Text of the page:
#Asia China’s 10 biggest investments in 2017


China saw a bit of a slowdown in startup funding in 2017, with the US$51.6 billion ploughed into tech companies lower than 2016’s US$53.9 billion, according to the Tech in Asia database.

Despite the drop, the average deal size grew, reaching a record US$31.9 million a pop.

Here are the 10 biggest tech investments of the year, starting at the lower end of the scale.

10th: Cainiao

  • US$799 million
  • Ecommerce logistics

Created by Alibaba in 2013 in partnership with 15 Chinese delivery companies, the spinoff firm was designed to speed up online shopping.

Photo credit: Alibaba

Alibaba initially had a small stake in Cainiao, but this latest investment bumps that up to 51 percent, giving it the majority interest.

9th: Mobike

  • US$815 million
  • Transportation

Mobike might’ve raised less than Ofo in 2017, but it still had a good year, matching its archrival’s tire print in reaching 200 cities around the globe.

Photo credit: luoxi / 123RF

Both Mobike and Ofo managed to squeeze out a few smaller Chinese rivals, with three competing startups collapsing in November.

Tencent and Foxconn are among Mobike’s investors.

8th: Ele.me

  • US$1 billion
  • Local services

Ele.me does food delivery using a fleet of electric scooters. At the latest count, the service claims to have 260 million users across 2,000 Chinese cities, ordering meals from 1.3 million restaurants.

Alibaba and its payment wing Ant Financial are rumored to have led this latest round, repeating the US$1.3 billion the online shopping giant threw at Ele.me in April 2016.

7th: Bytedance

  • US$1 billion
  • Media

You’ve probably never heard of Bytedance, which is fine because neither have most people in China. They do, however, know Toutiao, the startup’s smash-hit news app.

Pulling together news from around China’s “innernette”, Toutiao has 120 million readers each day who spend an average 74 minutes flicking through the app – double the time spent on Snapchat.

The startup last month acquired Musical.ly, adding the social network to its growing global media empire that includes Flipagram, Topbuzz, and Tik Tok.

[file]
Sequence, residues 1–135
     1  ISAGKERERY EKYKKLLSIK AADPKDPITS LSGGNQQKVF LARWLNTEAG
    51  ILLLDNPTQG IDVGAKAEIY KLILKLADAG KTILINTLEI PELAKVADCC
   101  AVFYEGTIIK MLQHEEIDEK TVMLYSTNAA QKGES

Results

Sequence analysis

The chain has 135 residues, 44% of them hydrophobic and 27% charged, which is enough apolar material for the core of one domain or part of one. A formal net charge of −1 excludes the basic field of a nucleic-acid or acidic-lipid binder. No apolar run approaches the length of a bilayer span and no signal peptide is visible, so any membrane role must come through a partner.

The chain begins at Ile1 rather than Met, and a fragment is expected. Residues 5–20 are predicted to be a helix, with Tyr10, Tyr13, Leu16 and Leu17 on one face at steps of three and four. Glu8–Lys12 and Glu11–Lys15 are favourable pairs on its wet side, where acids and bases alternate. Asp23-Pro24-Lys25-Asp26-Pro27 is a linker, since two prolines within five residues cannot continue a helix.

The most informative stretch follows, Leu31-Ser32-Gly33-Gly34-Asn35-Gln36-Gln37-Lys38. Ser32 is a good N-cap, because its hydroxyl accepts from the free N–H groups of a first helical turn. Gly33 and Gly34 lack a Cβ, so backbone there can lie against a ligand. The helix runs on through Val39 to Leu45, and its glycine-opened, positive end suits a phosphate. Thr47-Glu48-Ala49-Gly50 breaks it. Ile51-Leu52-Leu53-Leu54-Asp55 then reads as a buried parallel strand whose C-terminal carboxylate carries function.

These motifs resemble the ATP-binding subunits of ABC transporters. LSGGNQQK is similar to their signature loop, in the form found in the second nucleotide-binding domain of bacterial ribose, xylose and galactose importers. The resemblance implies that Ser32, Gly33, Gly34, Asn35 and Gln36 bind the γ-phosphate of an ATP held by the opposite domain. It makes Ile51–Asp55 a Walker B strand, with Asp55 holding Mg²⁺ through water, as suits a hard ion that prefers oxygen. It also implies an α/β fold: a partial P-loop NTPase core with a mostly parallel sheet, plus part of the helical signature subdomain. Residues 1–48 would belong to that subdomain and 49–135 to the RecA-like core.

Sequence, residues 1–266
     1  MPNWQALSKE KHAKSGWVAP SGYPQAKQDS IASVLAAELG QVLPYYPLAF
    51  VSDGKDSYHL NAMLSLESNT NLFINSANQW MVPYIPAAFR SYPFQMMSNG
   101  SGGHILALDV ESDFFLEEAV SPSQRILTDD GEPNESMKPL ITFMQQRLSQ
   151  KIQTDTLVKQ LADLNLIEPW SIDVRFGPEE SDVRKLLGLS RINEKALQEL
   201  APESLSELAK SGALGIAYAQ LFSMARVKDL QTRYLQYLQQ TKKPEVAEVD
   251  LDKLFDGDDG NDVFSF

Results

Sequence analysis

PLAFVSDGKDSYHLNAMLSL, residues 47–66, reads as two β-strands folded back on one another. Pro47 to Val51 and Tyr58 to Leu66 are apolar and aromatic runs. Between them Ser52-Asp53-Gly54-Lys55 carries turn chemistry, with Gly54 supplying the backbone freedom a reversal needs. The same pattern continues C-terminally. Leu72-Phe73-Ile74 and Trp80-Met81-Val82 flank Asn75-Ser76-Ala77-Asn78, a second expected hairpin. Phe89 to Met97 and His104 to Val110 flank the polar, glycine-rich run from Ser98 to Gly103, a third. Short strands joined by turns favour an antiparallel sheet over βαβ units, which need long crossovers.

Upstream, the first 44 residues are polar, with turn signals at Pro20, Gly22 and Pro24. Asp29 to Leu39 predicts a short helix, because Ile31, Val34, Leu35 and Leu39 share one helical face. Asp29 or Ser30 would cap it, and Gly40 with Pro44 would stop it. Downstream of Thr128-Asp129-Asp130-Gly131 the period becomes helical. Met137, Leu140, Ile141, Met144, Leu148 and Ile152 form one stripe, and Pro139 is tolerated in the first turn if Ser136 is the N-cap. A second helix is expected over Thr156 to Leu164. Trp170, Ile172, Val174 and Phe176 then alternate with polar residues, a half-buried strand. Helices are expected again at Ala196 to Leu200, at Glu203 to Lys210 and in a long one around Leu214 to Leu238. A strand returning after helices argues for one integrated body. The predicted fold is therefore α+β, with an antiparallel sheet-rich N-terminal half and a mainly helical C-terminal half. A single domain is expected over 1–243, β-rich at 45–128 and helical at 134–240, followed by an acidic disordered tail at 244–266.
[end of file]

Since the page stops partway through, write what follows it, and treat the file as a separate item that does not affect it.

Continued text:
music, teens, millennials

A Musical.ly user performs. GIF by Tech in Asia, from video by The Best Musical.ly.

Bytedance is said to be worth around US$20 billion.

See: China’s most addictive news app eyes world domination with AI

6th: Koubei

  • US$1.1 billion
  • Local services

Koubei is yet another Alibaba spinoff. Jack Ma started it to ensure that his company doesn’t miss out on retail and restaurant spending.

Baked into its Alipay wallet app, the service combines local listings with deals. Although food is a big part of it, Koubei doesn’t do deliveries (in contrast to Ele.me and Meituan-Dianping, which are also on this list).

5th: Ofo

  • US$1.2 billion
  • Transportation

Just like Mobike, Ofo had a busy year with global expansion.

Alibaba, Ant Financial, and Didi Chuxing are among its investors.

4th: NIO

  • US$1.7 billion
  • Cars

After starting out as NextEV racing in the Formula E championship for electric single-seaters, NIO’s rebranding heralded the startup’s switch to being a proper automaker.

NIO this month unveiled its first production car, the ES8.

NIO, cars, electric cars

Photo credit: NIO

Starting at US$68,000, the electric SUV is a bold challenge to the luxo-barges so popular with China’s middle-class, such as the Audi Q7 and Mercedes-Benz GLC. It’ll also go up against the Model X, although Tesla’s hyperspeed minivan costs twice as much. Now up for pre-order, the ES8 arrives sometime in the first half of 2018.

Chinese tech giants Tencent and Baidu are among NIO’s backers.

3rd: Daikuan

  • US$2 billion
  • Finance

Here’s another unfamiliar name. Daikuan is part of China’s huge boom in online financial services – aka “fintech” – that includes an array of loans startups where ordinary people can earn interest from offering up their cash to borrowers.

Daikuan is different from most fintech startups in that it focuses only on loans for buyers of secondhand cars.

2nd: Meituan-Dianping

  • US$4 billion
  • Local services

This giant startup combines two sites – Meituan and Dianping – and does listings, deals, and deliveries, putting it on a collision course with Alibaba’s Koubei and Alibaba-backed Ele.me.

To make that rivalry even edgier, Tencent – Alibaba’s nemesis – is a major backer.

1st: Didi Chuxing

  • US$5.5 billion
  • Transportation

Even after getting money from Apple and forcing Uber to wave the white flag in 2016, Didi still managed to raise eyebrows this year with its US$5.5 billion in April – which at the time was the second biggest investment into a tech firm.

Apple's Tim Cook with Didi's Jean Liu, pictured in Beijing shortly after Apple's investment was announced. Photo credit: Tim Cook on Twitter.

Apple’s Tim Cook with Didi’s Jean Liu. Photo credit: Tim Cook’s Twitter

Didi repeatedly promised global expansion throughout the year, but that didn’t happen. Nonetheless, with the ride-hailing app said to be prepping a move into Brazil, 2018 could be the year that Didi steps onto the world stage to challenge Uber once again.

2017 in review - BANNER

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